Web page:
In this first novel, the narrator lives on upland farm with her husband of 24 years, Duncan, and her son and “jailor” Sam, 12, who is undoubtedly autistic. Intermixed with Alice’s thoughts we have Sam’s conversation with his “27 friends” on facebook, who answer his queries as he tries to move beyond his fear of leaving a small area of the farm.
Life seems to have fallen into a painful, largely isolated, routine for them all. But Duncan is persuaded to try yet another experimental scheme to raise income for the farm by Larry, a lifelong drifter. He will move onto the farm – so they can raise a cannabis crop – and become a catalyst for change.
To deal with all that lightly and surely and not drive readers into a deep depression is an ambitious plan for a novelist. But Simpson largely achieves it. The story unrolls, dropping small detail after detail. Daily life [has all] the constraints of family, disability, acquired habits and perhaps inability to drag oneself out of increasingly negative thoughts. Autism is not the only constraining fact of life. But this novel questions falling into ruts, taking other people for granted and having no expectations that life can be better.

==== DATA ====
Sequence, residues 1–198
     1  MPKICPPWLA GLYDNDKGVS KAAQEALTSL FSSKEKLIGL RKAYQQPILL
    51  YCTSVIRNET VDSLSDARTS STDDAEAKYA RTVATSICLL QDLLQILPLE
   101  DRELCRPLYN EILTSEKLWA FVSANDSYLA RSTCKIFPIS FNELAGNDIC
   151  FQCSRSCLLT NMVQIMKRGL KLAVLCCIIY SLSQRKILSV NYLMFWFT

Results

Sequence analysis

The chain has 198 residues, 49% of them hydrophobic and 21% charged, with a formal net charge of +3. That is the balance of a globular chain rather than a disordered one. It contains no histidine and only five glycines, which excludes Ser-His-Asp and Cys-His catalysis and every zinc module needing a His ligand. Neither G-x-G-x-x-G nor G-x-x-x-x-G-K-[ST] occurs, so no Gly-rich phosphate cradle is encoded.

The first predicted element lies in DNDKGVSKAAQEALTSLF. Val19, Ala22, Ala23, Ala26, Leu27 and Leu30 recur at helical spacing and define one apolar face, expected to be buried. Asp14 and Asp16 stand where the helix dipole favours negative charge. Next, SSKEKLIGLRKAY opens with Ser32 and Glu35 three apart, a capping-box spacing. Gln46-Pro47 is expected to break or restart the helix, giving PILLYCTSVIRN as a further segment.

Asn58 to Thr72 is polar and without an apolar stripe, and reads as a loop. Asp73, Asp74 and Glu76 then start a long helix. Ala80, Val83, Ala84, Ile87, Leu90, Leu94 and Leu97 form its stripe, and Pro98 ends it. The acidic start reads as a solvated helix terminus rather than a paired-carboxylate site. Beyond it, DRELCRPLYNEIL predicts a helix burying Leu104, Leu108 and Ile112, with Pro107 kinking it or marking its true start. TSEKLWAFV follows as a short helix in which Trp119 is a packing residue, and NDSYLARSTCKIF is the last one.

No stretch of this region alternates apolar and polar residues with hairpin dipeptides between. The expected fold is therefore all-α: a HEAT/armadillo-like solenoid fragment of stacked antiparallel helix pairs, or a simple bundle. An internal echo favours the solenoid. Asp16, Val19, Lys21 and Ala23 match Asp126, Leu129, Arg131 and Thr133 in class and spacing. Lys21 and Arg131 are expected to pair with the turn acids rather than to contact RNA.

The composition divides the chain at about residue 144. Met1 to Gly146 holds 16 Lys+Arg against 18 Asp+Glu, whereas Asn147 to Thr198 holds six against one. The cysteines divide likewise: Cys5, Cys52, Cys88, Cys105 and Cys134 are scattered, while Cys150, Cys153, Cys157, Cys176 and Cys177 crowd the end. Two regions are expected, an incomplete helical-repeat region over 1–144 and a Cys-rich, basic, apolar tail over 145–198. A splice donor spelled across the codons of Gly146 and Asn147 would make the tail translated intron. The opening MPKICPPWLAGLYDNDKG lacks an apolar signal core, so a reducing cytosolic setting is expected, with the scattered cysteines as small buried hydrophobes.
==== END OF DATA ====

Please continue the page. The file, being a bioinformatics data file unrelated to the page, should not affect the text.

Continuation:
Having said that – as a cynic – one might say that the most unlikely part of the story is the (perhaps) “happy ending”. That might well annoy some who cope with the realities of a permanently disabled child. But the novel is a lesson in recognising the small, more satisfying parts of life and using them as a way forward through the harder parts. Lots for groups to discuss.
Truestory by Catherine Simpson
Sandstone Press pbk Sep 15 2015
OIR: Jade goes to Cheltenham – Jeanette Winterson